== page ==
Spectrum Analyser


Shown below is one design for an analogue spectrum analyser.

Choice of the intermediate frequencies will depend on the input frequency range as the first mixer will normally be an up-conversion process so IF1 will always be above the input frequency. For microwave applications a third conversion process will be required.

The second IF will also depend on the availability of tuned circuits, crystals and ceramic resonators with which to construct the various filters. The crystals and resonators should have a minimum number of close-in spurious responses and the crystals can be obtained by disassembling mobile radio IF filters that use discrete crystals.

VCO1 is a wide range voltage controlled oscillator. VCO2 is a narrow frequency range voltage controlled oscillator. Both VCOs should have the lowest possible sideband noise levels.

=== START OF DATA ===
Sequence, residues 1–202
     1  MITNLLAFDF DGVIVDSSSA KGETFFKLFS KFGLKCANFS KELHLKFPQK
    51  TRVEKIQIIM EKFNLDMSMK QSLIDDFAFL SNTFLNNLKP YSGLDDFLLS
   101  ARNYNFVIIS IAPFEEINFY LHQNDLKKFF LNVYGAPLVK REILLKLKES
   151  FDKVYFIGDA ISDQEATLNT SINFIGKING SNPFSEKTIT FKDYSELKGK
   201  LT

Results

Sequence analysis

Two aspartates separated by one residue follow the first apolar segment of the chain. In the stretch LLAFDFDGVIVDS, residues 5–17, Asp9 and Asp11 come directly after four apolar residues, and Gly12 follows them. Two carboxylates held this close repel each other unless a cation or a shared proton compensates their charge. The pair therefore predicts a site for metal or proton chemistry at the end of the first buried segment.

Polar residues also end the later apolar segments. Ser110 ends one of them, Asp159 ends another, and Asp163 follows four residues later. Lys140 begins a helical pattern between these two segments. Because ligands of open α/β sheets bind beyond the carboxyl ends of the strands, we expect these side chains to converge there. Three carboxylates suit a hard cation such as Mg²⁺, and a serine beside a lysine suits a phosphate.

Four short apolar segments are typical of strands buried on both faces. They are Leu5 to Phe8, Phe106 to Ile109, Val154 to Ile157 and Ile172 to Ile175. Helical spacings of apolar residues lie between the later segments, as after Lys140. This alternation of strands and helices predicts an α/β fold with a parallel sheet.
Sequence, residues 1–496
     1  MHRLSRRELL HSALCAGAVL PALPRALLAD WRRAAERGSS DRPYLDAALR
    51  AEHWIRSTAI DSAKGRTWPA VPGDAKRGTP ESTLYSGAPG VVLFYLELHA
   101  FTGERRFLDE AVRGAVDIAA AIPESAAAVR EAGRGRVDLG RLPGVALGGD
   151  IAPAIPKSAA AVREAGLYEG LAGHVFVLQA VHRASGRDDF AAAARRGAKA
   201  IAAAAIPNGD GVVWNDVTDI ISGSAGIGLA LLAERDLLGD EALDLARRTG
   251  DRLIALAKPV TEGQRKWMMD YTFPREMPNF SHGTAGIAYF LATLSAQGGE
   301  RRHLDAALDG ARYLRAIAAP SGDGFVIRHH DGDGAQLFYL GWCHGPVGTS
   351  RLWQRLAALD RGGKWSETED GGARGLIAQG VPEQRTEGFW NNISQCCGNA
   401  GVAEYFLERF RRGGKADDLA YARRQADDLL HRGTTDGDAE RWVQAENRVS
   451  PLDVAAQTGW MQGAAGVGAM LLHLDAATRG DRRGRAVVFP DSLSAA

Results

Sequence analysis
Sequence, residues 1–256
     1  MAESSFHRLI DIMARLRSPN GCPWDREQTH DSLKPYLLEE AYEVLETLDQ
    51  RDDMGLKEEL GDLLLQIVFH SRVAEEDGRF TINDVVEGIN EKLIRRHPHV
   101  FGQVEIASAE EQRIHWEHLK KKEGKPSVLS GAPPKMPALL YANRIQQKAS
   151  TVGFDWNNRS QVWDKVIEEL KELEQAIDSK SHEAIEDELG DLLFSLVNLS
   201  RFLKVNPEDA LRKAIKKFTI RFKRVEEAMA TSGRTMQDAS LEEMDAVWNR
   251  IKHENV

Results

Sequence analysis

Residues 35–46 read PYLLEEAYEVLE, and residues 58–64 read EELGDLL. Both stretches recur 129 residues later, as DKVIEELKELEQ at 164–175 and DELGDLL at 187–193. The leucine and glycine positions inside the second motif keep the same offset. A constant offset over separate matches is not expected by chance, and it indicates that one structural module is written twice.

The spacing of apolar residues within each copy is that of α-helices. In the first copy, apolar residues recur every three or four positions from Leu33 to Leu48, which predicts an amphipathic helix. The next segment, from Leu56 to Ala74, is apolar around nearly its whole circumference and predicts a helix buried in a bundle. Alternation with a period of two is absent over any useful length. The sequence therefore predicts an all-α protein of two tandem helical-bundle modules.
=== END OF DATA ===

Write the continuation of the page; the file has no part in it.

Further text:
In wide scan modes, VCO1 is used for scanning and VCO2 for fine tuning. In narrow scan modes, VCO1 is phase locked to a harmonic of a local crystal controlled frequency source, say 1Mhz, and VCO2 is used for scanning.

There is a fixed relationship between scan width,  scan speed, IF and video bandwidths and the bandwidth of the item being measured. If this relationship is exceeded then the displayed signals will suffer slew rate distortion as the system cannot respond sufficiently quickly. Slow scan rates will also be required when testing external narrow bandwidth filters.

An oscilloscope may be used for the display of the X and Y signals. An XY display may also be used if the deflection frequency responses are sufficiently high.

The block diagram below shows a simple analogue tracking generator to match the spectrum analyser above. This will produce an output signal at the frequency to which the analyser is tuned.

The isolation between the analyser and the tracking generator must be sufficiently high so that the tracking generator output cannot be seen on the analyser display when not connected. This means significant effort must be expended on internal screening and decoupling. The output of the tracking generator will typically be at least +10dBm in 50ohms.